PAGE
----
A Guide To Constructively Confronting Racist Or Sexist Comments
I remember being a student and spending the day in Richmond with my two best friends, all three of us of Italian origin. We walked into a pub at the end of a long day and whilst we were chatting away in Italian, we didn’t notice the frosty atmosphere or the slightly aggressive antics of the people drinking there. In the bathroom, my friend was mid-sentence when a woman starting shouting at us. “Did you come here to have a baby and get a council flat? Or was it to steal our jobs?”. I felt confused. I was born and raised here. I am British as well as Italian and I’ve never thought of myself as being an intruder in this country. I looked at my friends to see if they understood what was happening. Didn’t she know that we were law students who hadn’t really thought about procreating yet?
Fast forward to 2019, and the confusion has lessened, however, it angers me to think that colleagues and clients have unashamedly insulted Italians in front of me and meant it seriously. It infuriates me that I have had to work twice as hard as my male colleagues to earn their trust that my advice is “good enough”. I’ve lost count of the times I have had to ignore or confront sexist comments, set somebody straight about the kind of client entertaining I will participate in or be criticised for being too “difficult” or “aggressive” (translation: assertive).
I know I am not alone in this. I know other women and ethnic minorities experience these feelings of exclusion and subordination on a daily basis. You just have to look at the various reports about the pay gap to know this.
I have felt undervalued, unappreciated and overlooked as a woman, despite years of self-development and learning the politics needed to survive in a male dominated work environment. Luckily for me, my self-esteem has elevated to a level where I don’t need anybody’s approval but my own. Take me or leave me, it really makes no difference.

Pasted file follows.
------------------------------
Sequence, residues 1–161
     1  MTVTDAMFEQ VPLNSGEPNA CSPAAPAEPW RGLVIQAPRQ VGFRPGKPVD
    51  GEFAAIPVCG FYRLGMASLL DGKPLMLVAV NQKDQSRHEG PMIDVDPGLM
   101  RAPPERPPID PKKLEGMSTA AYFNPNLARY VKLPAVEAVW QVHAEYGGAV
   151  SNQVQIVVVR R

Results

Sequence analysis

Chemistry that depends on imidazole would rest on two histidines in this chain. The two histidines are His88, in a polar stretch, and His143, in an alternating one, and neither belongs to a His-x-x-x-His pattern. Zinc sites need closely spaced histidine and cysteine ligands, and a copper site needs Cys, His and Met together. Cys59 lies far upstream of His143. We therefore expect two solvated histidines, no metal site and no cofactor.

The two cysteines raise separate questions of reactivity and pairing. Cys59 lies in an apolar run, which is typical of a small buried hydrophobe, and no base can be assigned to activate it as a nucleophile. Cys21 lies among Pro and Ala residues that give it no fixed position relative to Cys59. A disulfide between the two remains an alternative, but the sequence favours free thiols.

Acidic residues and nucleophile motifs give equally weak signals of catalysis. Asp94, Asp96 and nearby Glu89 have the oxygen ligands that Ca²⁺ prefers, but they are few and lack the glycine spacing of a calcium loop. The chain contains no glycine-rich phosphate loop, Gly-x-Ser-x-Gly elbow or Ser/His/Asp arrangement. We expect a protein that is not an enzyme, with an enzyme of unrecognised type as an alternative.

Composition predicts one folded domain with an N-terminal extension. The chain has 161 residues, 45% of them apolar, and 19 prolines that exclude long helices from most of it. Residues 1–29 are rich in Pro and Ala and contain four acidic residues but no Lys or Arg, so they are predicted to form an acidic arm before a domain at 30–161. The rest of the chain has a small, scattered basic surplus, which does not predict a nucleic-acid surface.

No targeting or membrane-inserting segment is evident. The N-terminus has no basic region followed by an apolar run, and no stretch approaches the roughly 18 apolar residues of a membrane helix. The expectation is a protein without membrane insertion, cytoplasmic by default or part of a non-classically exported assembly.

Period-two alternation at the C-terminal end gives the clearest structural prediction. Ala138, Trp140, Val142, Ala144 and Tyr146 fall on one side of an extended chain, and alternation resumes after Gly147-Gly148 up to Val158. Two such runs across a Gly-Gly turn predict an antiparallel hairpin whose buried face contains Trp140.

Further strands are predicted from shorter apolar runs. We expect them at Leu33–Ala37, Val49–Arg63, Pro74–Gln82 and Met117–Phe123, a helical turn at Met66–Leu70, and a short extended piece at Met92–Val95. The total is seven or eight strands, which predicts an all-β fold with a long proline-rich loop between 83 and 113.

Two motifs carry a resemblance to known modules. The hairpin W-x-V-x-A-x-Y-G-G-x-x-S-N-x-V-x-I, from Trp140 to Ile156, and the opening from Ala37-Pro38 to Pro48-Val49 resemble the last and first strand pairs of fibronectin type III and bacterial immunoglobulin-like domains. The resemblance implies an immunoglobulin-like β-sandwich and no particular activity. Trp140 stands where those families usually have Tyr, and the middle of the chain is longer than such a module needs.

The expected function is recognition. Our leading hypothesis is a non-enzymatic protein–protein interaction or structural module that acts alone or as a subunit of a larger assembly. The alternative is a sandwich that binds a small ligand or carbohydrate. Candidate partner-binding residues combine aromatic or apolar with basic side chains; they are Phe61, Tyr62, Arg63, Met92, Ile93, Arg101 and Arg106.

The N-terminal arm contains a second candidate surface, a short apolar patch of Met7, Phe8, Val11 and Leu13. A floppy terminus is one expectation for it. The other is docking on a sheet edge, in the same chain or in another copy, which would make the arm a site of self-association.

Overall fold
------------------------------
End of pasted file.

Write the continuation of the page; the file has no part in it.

I wish though, that somebody had told me how to approach those comments constructively. My tendency was to respond with anger or to stay silent, for fear of repercussions or for fear of being labelled a troublemaker.
This blog post is about empowering you with the tools to confront unacceptable comments in a way which does not lead to destructive conflict. The thing with prejudice is that the intention is to take away your power. It allows the person making the comment to feel superior. The way you respond will signify your boundaries and self -respect. Make no mistake, these types of comments are wrong and should not be made but you can’t control what others say or how they behave. You can, however, choose how you respond to it. That’s a powerful way to relate to others.
Tips On Responding Constructively
If somebody makes a racist, sexist or any other kind of comment indicating prejudice, here are some tips for dealing with them in a way that helps you maintain the upper hand.
Notice How It Makes You Feel
No matter how damaging the comments or actions are, recognise what you feel about them. I know how angry I have felt and sometimes how hopeless I have felt about prejudice. Repressing it with silence doesn’t make it go away, it only fuels it. Get some distance from the person to help you do this.
What Confrontation Will Do For You?